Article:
Released last Thursday, HBO Max’s documentary LFG gives viewers an inside look at the U.S. Women’s National Team’s fight for equal pay. With the content being equal parts inspiring and infuriating, it’s one of the best soccer docs to drop so far this year.
LFG! Most of us (especially those who follow American soccer) know what that acronym means, and that it’s heavily used by U.S. Women’s National Team members as a sort of call to arms. It’s a vibe, an attitude, a movement. Call it whatever you want, it’s also the perfect name for HBO Max’s newest documentary about the USWNT.
Directed by Andrea Nix Fine and Sean Fine, the 105-minute feature breaks down the team’s pay discrimination case against the U.S. Soccer Federation. In it the players take their case directly to the viewers, and make a very compelling argument for equal pay. The film covers the genesis of the case, and follows the team’s remarkable journey all the way through their visit to the White House to commemorate National Equal Pay Day a few months ago.
While LFG doesn’t feature every USWNT member who signed onto the lawsuit, there’s still plenty of firepower to get their point across. Players like Alex Morgan and Carli Lloyd may be noticeably absent, but Megan Rapinoe, the face of the movement, is front and center. And fan favorites including Christen Press, Kelley O’Hara, Sam Mewis, Becky Sauerbrunn, and others appear often. Throughout the film viewers learn more about each of the players as they explain why they’re suing their own soccer federation and how the lack of equal pay affects their daily lives.
The film has reignited the equal pay discussion, and even inspired a 17-part Twitter thread response from the U.S. Soccer Communications account. The thread aims to talk about “real facts,” claiming specifically that lawyer Jeffrey Kessler’s argument in the film is misleading.
Considering that the USSF declined to participate in any interviews in the film, a petulant Twitter thread is quite a bizarre medium for a response. And while the thread may contain factual statements, its defensive nature is not the best look for an organization that has routinely been criticized by players, fans, and pundits alike.
Let’s take a dive into the best and worst parts of the film, before we give our final verdict.
LFG does an excellent job outlining the team’s lawsuit for viewers, but where it really excels is how it highlights the human toll of pay discrimination. One of the most poignant moments in LFG comes when Jessica McDonald gives viewers a glimpse into her life. McDonald reveals the sacrifices she’s had to make in order to play on the USWNT, including working multiple jobs. Because her salary as a soccer player is so low, she has to coach full-time just to survive. She even works at an Amazon facility during the offseason. This is a professional athlete at the top of her game that we’re talking about.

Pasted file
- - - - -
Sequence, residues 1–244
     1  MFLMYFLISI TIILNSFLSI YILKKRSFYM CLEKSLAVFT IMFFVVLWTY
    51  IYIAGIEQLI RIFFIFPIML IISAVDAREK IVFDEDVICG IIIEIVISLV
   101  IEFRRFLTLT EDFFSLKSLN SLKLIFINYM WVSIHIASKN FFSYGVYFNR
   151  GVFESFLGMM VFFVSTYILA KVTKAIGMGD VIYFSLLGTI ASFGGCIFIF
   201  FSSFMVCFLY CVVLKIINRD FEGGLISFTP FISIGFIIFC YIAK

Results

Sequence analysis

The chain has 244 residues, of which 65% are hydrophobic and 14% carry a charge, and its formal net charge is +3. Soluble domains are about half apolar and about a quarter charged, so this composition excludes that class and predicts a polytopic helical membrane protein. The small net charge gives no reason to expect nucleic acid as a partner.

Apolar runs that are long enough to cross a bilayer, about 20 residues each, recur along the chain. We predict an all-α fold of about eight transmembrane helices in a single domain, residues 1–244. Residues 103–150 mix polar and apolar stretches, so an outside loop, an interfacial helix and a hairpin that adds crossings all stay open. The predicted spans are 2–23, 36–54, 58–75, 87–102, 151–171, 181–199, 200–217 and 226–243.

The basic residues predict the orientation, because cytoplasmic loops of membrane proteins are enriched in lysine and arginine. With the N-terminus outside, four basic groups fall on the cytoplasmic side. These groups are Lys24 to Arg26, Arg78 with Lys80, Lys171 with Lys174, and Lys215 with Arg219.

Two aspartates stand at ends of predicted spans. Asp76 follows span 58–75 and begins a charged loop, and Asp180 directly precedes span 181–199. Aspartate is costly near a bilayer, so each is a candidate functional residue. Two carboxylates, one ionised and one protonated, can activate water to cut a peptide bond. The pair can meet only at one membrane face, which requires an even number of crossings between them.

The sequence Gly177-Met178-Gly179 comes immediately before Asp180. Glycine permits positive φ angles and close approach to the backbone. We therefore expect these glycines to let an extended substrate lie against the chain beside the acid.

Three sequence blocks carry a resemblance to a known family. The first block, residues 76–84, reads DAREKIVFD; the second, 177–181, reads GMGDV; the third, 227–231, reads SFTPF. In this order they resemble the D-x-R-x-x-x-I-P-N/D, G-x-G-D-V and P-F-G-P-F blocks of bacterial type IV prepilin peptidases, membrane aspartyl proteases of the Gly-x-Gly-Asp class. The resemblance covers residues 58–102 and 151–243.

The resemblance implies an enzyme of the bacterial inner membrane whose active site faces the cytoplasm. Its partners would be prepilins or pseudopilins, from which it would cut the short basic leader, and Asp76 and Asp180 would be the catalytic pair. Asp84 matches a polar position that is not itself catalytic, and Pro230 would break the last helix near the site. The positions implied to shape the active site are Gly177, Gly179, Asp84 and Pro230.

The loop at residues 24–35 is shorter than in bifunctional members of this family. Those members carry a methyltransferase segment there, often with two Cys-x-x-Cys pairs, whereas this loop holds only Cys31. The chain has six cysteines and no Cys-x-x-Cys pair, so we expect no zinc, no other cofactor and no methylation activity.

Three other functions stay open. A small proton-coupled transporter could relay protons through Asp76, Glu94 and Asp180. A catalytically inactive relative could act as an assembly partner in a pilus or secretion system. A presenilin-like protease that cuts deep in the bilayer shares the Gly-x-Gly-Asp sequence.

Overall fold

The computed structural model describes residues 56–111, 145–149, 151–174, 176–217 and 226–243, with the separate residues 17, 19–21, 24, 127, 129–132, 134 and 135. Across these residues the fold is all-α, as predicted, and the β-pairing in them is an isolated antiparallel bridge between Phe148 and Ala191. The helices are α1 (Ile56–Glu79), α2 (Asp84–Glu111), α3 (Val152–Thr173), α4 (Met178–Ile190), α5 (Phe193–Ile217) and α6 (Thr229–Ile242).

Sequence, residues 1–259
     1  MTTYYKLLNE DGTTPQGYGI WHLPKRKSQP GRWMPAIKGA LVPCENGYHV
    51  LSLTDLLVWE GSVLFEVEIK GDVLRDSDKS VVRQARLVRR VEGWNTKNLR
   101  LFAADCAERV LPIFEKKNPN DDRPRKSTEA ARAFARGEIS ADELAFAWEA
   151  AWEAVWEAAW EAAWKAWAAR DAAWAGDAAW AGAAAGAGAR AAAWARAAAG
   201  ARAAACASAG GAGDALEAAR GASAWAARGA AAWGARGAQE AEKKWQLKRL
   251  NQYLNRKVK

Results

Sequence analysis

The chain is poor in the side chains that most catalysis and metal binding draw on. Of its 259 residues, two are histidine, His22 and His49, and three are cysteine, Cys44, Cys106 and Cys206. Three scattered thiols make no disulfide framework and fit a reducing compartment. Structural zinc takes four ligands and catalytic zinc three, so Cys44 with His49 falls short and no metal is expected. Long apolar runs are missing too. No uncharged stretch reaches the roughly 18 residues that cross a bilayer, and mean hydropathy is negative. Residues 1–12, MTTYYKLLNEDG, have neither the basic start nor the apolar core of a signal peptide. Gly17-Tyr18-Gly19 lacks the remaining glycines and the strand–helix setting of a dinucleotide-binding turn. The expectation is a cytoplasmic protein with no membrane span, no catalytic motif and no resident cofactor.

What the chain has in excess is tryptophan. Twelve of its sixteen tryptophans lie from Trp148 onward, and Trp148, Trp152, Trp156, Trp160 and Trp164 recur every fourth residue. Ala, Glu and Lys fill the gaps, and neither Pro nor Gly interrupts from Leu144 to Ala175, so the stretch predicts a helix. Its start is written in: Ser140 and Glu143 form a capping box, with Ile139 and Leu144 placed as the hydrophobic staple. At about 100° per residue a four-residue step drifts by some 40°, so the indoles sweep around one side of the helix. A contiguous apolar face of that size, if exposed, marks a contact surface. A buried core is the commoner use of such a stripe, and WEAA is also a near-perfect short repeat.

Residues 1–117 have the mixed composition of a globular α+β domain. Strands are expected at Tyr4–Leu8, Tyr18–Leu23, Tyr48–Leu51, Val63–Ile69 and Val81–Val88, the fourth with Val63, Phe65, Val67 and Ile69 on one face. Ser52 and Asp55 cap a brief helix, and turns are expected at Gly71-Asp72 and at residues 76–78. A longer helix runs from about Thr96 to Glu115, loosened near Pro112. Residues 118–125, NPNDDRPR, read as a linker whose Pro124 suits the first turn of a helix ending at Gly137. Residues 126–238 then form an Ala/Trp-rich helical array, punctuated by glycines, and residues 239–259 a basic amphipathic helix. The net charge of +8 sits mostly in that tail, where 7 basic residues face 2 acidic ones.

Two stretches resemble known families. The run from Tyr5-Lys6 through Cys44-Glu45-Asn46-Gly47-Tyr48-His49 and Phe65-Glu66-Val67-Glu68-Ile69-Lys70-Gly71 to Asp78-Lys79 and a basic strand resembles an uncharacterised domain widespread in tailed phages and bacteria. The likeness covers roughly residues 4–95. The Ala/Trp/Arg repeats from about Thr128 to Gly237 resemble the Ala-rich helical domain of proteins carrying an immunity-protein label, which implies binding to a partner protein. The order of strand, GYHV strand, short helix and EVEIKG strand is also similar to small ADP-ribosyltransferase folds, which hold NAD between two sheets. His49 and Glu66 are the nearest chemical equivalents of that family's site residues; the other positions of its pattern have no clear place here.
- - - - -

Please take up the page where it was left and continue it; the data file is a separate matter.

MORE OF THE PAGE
The film’s dive into the USWNT’s past is another powerful point in the narrative. USWNT legend Julie Foudy acts as a kind of link between the past and current generation of stars in LFG. Foudy lets loose and tells a funny anecdote about a similar acronym, GFY, that their team used back in the day to highlight their displeasure with the U.S. Soccer Federation. This underscores how far back this grievance goes and how it’s literally been decades in the making. Things have clearly been building up to this for a while, and it’s finally boiling over much to the federation’s chagrin.
There’s honestly very little to criticize with LFG, it’s really that good. If anything, there’s a FaceTime scene featuring Rapinoe and Press that feels contrived and a bit awkward. But hey, soccer Twitter will have a good time taking that sneak peak into their lives and using it to build up an idealized version of those players in their heads. Totally healthy and normal behavior. Cue the Rapinoe and Press friendship goals memes. There’s also a portion of the film which features largely Zoom videos due to the sudden onset of the COVID-19 pandemic. Maybe it’s the video conferencing fatigue talking, but that segment of the film was more difficult to engage with.
The Final Verdict
We highly recommend streaming LFG as soon as possible. While it doesn’t present a ton of new info into the equal pay battle, this film is a great primer for people who may not already be familiar with what’s happening. And for the casual and diehard soccer fan, along with those who just enjoy stories about the ability of sport to become a vehicle for change, it’s a must-watch. Even if you’re already caught up on everything, it’s straight up energizing. And if that’s not enough, viewers who love schadenfreude will thoroughly enjoy the clips of Rapinoe roasting then-USSF President Carlos Cordeiro in front of a crowd chanting “Equal pay!” at their World Cup victory tour. LFG is a scathing indictment of the USSF’s treatment of the USWNT, and a strong repudiation of their version of events. It should be at the top of everyone’s watch list.
Stream LFG on HBO Max.